No queuing in the cold

The global art market is slowly reopening since vaccines became available. Art fairs shifted to technology during the pandemic, but in-person events cannot be fully replicated. Fairs had to adapt to government regulations, capacity limits, contact tracing, and minimize queuing. As the year progressed, fairs adapted to new models, and larger art fairs re-opened with timed entry and covid waivers.

No queuing in the cold
Do not index
Do not index
Ever since vaccines began to get into the arms of the public the art world has been cautiously opening up again. The speed of this re-opening has varied from country to country but for the global art market the reopening of its fairs provided an indicator that the worst of storm had been weathered.
Art fairs rely on income from participating exhibitors and galleries who in turn are reliant on reaching even larger audiences than ever. Fairs like many other industries shifted their focus to harnessing the power of technology to stay front of mind throughout 2020 and into 2021. Online events suddenly took place on Zoom, and with the help of the somewhat tiring online viewing rooms virtual communities developed.
Although embracing technology like this provided many of the worlds leading art brands with a way to connect to their audiences during a year sat behind the screen, it was difficult to replicate the buzz and relationship building only IRL events can provide.
The good news was that long before restrictions lifted, fairs around the world had been working out how they could reopen whilst navigating government regulations, travel bans and a potential change in appetite from the public.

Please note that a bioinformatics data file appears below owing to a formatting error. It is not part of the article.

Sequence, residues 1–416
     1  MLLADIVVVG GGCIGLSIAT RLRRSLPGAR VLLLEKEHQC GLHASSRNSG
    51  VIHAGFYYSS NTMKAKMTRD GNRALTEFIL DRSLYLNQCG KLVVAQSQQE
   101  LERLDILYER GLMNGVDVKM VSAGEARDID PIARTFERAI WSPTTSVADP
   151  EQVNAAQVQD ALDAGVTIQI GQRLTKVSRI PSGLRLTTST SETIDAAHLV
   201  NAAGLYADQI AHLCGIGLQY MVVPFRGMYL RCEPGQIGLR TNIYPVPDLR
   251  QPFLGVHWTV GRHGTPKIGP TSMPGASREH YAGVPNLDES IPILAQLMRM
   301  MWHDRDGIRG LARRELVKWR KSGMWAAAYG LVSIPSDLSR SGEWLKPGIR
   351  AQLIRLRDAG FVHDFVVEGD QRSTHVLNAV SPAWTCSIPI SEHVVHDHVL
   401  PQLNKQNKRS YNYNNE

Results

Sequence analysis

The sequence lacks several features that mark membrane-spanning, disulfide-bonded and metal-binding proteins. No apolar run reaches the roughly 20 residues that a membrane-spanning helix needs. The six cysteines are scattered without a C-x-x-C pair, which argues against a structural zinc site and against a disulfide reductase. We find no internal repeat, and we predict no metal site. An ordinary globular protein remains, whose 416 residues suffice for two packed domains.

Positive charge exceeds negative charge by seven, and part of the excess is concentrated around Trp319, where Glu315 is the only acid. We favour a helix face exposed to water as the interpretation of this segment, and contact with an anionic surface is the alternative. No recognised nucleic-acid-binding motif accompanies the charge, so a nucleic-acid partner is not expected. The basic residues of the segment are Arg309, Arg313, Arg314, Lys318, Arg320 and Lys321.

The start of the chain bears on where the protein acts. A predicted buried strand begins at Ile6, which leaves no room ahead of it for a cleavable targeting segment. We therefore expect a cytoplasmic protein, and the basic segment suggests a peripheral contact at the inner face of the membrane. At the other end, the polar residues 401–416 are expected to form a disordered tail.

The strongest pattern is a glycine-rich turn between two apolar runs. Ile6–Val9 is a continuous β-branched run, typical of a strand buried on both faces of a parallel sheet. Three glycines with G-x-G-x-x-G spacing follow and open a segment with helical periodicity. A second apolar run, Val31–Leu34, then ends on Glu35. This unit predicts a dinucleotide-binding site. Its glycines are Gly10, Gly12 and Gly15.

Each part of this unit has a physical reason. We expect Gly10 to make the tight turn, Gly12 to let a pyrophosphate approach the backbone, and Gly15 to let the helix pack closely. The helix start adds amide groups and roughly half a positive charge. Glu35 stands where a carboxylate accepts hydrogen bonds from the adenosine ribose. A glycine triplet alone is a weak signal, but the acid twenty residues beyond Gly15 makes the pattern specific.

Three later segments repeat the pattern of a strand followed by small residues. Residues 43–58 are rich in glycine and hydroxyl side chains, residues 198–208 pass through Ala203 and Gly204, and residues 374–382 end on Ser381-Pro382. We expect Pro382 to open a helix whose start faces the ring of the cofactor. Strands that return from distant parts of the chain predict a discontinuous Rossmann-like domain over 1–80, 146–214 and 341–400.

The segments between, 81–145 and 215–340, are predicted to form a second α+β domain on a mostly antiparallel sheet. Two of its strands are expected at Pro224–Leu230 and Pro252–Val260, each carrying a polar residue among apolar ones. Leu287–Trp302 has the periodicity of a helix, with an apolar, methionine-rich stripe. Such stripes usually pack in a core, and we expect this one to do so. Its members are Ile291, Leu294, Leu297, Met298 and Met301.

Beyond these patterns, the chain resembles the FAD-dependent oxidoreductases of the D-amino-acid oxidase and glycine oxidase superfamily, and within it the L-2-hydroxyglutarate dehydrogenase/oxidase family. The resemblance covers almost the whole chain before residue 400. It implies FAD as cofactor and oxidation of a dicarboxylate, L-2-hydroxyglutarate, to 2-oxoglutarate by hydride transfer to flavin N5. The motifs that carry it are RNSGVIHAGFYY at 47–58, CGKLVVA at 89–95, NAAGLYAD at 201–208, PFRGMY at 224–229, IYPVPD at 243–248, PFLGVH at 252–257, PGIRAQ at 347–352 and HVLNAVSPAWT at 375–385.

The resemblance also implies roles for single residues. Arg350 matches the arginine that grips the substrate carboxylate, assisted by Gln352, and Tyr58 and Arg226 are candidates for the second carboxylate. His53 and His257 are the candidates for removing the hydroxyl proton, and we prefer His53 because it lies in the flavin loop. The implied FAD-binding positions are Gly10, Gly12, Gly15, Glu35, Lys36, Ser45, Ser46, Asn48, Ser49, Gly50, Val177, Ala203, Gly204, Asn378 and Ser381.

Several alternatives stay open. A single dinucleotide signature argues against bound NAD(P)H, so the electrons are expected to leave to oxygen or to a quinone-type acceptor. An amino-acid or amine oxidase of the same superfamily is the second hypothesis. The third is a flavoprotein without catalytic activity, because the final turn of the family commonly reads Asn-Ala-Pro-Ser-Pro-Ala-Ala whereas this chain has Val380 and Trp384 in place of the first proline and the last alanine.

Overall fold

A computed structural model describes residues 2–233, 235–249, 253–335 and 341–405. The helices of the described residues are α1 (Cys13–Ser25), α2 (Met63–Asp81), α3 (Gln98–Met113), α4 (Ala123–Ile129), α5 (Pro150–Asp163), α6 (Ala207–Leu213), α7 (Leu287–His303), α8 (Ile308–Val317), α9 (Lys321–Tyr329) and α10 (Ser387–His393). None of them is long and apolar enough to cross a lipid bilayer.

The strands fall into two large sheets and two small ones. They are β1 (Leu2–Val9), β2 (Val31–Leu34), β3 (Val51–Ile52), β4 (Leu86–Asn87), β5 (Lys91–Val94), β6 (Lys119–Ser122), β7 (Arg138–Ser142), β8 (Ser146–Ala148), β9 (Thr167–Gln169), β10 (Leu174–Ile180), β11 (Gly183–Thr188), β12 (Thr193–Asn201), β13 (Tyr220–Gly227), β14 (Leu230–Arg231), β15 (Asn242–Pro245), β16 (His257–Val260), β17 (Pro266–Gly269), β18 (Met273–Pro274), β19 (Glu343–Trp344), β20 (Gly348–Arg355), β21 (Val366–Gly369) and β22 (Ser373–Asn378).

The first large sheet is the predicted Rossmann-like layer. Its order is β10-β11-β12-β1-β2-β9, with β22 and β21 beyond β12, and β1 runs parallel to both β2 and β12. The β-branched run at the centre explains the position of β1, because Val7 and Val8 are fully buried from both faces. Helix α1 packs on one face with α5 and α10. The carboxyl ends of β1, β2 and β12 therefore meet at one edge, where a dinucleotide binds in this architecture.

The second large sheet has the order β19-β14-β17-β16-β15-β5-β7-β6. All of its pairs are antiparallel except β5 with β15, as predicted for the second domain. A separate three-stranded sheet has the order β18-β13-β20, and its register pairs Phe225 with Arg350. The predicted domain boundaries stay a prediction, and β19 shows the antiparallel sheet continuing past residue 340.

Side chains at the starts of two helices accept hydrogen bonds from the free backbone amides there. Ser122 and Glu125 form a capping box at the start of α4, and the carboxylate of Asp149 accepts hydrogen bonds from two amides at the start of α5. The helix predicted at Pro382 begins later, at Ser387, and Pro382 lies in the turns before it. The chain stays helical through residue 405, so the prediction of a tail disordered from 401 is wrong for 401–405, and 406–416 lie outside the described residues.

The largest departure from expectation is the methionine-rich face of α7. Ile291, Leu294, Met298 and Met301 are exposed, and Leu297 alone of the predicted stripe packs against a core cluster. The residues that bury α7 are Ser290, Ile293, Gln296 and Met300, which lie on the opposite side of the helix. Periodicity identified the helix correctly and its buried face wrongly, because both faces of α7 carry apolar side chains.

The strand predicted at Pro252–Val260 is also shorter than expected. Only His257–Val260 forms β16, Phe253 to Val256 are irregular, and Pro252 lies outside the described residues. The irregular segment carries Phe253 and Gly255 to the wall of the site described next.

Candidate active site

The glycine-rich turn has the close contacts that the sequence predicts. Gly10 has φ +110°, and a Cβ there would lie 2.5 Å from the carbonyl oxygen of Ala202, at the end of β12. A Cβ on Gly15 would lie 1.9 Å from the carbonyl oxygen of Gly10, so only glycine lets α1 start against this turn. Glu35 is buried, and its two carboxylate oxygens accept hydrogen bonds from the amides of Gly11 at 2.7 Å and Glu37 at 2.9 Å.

It was clear that large art events needed to to do everything they could to mitigate any avoidable increase in transmission of covid whilst still appealing to a more cautious crowd.
Fairs would need to screen visitors, manage capacity and adhere to contact tracing requests. Queuing on the other hand would need to be kept to a minimum. This presented a number of challenges to fairs more than most. Communication more than anything would play an imperative roll in the success or failure of an event.
 
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Guests are greeted and check in at Woolwich Contemporary Print Fair 2021
 
Thankfully as the year progressed we saw these plans start to pay off as one by one fairs began to open their doors in one way or another.
At first fairs were smaller, some even opting to run a new distributed model with fairs spread across multiple venues collectively pulling their marketing resources. Two such examples that took place early in 2021 were the Outsider Art Fair in New York (Feb) and the London Original Print Fair (May). These fairs were a great example of the art world showing it had the ability to adapt and share improvements.
As the year progressed the larger art fairs finally re-opened, most notably with Frieze New York in their new home at Hudson Yards. Timed entry is what vitally helped thin the crowds and covid waivers form helped to build trust with the smaller and more local crowds.
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About as crowded as it gets. Frieze London 2021
Finally the summer came and thankfully with it coronavirus cases dropped helping in part to the increased vaccine rollout. However this was no time to drop ones guard and it was important for fairs like other industries to not revert to the old models. What had worked well? What could be done better?
Well one thing that everyone, from fair organisers to visitors seemed keen to maintain was the lack of queuing up in the cold or getting washed away in the crowds. Long may it stay this way.

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